What does an oceanographer do

What Does an Oceanographer Do?

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What Does an Oceanographer Do?

The formal study of the ocean’s depths, known as oceanography, is a relatively recent development compared to the long history of seafaring.

71% of the Earth’s surface is made up of water, while a mere 29% is land. And yet, these oceans are some of the most undiscovered places on our planet. But there is one role that is made to explore this water body and study it through and through. Meet the oceanographer, a role made for the ocean and the ocean only.

Oceanographers are scientists who study the ocean in lots of different ways – like its chemistry, biology, and even how the land beneath the ocean changes. They also look at the history of the ocean, its current conditions, and its future.

What does an oceanographer do
What does an oceanographer do

Oceanographers come in many types too. Here are some of the most common ones:

  • Ocean Animal Detectives: Biological oceanographers are like detectives for ocean creatures, big and small. They study everything from tiny plankton to enormous whales, figuring out where they live, how they interact with each other and their environment. This helps us understand the health of the ocean and how to use it responsibly for food, energy, and transportation.
  • Ocean Chemists: Chemical oceanographers are the ocean’s chemists, analyzing the makeup of the water. They look at all sorts of chemicals, both natural and man-made, like salt and even gold!
  • Ocean Floor Explorers: Geological oceanographers are like explorers of the ocean floor. They map the seabeds, figuring out what they’re made of, their shapes, and how they’re constantly changing.
  • Ocean Motion Masters: Physical oceanographers are the masters of movement in the ocean. They study currents, tides, and waves, both on the surface and deep down. Understanding these movements helps us predict weather patterns, manage coastlines, and even harness the power of waves for renewable energy!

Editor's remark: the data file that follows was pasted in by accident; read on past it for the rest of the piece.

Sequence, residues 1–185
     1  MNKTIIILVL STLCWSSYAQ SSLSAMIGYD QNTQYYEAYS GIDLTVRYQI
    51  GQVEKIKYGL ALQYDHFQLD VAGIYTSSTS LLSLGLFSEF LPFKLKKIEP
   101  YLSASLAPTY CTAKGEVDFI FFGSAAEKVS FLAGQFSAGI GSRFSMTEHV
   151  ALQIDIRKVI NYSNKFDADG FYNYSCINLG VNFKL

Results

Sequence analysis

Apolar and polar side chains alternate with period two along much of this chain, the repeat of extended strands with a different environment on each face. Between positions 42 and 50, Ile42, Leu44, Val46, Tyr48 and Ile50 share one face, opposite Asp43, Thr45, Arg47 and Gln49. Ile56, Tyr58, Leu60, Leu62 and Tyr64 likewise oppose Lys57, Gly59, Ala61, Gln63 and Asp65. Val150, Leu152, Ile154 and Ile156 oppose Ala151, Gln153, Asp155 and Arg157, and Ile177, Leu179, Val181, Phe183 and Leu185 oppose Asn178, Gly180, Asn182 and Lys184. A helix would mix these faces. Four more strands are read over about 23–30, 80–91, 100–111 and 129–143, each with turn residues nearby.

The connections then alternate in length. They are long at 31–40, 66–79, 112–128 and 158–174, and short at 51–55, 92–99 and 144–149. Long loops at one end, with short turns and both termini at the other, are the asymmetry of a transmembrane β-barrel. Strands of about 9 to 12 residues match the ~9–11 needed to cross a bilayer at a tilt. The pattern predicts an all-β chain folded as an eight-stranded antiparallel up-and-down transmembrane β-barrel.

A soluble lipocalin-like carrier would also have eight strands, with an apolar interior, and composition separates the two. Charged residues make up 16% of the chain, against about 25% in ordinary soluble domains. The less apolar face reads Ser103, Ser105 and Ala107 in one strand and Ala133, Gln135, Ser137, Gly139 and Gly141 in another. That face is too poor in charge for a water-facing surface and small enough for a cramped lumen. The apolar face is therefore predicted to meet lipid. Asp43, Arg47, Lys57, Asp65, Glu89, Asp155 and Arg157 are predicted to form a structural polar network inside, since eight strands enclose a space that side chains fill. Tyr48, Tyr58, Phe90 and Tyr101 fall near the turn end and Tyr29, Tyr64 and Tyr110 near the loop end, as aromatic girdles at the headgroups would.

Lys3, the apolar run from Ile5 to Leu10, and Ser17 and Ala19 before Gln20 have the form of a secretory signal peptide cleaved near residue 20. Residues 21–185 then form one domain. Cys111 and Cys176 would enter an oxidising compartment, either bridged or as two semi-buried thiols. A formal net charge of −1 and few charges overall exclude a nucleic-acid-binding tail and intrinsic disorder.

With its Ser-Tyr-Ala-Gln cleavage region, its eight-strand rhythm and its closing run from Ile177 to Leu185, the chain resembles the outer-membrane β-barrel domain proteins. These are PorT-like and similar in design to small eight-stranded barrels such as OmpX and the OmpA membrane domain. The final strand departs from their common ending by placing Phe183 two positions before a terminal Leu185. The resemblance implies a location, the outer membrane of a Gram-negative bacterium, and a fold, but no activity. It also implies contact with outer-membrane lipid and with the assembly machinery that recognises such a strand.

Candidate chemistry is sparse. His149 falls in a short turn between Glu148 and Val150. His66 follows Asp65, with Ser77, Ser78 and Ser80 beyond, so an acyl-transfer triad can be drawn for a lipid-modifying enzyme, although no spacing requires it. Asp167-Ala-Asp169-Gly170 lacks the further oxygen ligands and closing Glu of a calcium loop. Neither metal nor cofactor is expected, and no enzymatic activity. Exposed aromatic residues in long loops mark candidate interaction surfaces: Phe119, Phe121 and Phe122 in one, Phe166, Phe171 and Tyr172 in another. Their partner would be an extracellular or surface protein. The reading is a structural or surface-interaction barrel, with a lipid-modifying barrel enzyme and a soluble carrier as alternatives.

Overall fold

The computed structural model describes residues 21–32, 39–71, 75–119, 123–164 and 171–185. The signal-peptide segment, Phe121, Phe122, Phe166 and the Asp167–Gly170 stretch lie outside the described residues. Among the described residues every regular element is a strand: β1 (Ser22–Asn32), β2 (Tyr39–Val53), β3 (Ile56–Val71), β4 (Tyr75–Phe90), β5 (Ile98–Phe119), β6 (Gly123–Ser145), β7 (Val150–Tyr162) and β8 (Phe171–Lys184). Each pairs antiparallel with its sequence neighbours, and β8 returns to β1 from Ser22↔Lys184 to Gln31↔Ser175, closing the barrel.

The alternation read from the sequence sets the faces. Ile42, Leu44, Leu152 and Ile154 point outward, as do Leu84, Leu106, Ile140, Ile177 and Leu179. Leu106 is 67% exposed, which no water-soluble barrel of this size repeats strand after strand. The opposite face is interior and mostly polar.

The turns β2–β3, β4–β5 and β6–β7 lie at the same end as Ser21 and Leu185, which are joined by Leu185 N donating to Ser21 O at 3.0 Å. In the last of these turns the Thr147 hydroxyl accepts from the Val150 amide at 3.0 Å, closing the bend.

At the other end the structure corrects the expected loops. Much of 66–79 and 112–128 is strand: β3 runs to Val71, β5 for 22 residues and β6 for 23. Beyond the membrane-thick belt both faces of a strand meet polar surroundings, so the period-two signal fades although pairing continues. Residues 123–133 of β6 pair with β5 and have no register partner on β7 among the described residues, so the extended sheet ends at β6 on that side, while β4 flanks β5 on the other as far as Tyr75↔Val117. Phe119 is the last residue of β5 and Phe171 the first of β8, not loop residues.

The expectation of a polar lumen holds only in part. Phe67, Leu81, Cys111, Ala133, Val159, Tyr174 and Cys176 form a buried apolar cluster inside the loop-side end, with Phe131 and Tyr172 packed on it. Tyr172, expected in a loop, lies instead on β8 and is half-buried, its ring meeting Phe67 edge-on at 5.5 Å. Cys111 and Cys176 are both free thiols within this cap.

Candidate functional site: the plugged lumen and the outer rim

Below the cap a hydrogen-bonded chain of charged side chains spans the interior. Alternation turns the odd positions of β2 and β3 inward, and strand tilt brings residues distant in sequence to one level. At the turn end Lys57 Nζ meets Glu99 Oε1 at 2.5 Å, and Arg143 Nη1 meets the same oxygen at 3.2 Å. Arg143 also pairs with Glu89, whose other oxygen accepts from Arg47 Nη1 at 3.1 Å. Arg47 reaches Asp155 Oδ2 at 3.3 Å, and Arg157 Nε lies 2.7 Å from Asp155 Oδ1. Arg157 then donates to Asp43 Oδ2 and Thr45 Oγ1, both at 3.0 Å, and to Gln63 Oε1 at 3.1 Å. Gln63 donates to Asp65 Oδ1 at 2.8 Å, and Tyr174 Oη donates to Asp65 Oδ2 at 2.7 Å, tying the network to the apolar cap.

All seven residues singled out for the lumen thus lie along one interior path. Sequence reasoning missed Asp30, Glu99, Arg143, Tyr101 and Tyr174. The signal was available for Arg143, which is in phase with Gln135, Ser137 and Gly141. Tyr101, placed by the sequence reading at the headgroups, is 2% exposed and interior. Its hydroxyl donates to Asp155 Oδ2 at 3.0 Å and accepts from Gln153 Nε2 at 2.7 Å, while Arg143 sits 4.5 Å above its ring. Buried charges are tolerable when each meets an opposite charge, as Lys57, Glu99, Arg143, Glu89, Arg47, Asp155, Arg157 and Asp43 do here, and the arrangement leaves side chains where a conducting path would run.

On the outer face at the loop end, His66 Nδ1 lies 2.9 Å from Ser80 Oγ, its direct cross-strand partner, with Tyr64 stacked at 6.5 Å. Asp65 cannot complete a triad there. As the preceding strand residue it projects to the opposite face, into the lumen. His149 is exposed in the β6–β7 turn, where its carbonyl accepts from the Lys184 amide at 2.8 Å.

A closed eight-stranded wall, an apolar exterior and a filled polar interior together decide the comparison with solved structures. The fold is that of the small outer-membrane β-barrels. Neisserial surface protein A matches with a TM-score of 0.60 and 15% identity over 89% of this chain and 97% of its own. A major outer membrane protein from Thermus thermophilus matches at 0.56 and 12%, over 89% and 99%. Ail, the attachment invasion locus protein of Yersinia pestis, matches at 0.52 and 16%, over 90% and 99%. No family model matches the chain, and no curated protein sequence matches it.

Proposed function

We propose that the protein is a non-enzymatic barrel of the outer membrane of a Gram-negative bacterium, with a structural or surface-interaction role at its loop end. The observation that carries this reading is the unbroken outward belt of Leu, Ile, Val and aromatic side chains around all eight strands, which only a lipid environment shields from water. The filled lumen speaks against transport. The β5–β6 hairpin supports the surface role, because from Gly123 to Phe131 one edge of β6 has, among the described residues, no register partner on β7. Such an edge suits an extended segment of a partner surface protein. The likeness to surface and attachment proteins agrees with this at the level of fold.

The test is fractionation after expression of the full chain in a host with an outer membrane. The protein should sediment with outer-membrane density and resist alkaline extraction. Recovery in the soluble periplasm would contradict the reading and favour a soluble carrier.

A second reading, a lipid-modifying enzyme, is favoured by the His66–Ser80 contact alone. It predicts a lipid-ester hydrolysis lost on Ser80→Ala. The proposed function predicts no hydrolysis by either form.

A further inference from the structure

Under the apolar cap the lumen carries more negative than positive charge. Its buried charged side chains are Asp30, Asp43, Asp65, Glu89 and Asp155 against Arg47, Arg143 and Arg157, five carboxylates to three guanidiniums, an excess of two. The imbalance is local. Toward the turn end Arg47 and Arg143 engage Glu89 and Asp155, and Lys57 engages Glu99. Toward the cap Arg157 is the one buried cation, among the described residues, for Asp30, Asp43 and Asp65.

What are the duties of an oceanographer?

So, you’re sold on the idea of studying all about the ocean world and what it holds? Well, you might need more than just diving equipment for that. As an oceanographer, you will study different parts of the ocean, like its chemistry, biology, geology, and physics. It will be your duty to try and understand how oceans function, predict changes, and figure out the best ways to use ocean resources in a more sustainable way.

What are the duties of an oceanographer?
What Does an Oceanographer Do?
What are the duties of an oceanographer?

To become an oceanographer, you’d need a strong background in science and math (yes, this one is very unexpected). You should also be open to new ideas, good at communicating, and skilled with computers and observation. Oceanographers often work both alone and in teams, and they might spend time at sea or in labs. They also travel to different places, sometimes abroad.

At some point, you might even collect and analyze samples from the ocean, using computers to model ocean processes and write reports about their findings.

And don’t worry, it’s not all paperwork. You will get to finally dive underwater using special equipment to solve specific problems. Like any other job, there will be moments of pressure but that is where your communication and problem-solving skills will really shine through.

Key Responsibilities of an Oceanographer

Collect and analyze data from the ocean

Study marine life and substances in seawater

Test hypotheses using statistical models

Attend conferences to share findings

Go on research expeditions

Apply for grants

Write reports and papers

Education and Background Needed for a Career in Oceanography

At the very least, you would require a bachelor’s or master’s degree in physics, chemistry, math, or biology. You should start specializing in one of the four main fields of oceanography, namely physical oceanography, biological oceanography, chemical oceanography, or geological oceanography. You would need a Ph.D. for college-level or teaching positions. 

Oceanographers work in public and private institutions and even museums. Private firms hire oceanographers to search for sea-floor deposits, investigate areas for sea farming, and evaluate natural energy production from waves, currents, and tides.

The Work of Oceanographers: Unveiling Marine Mysteries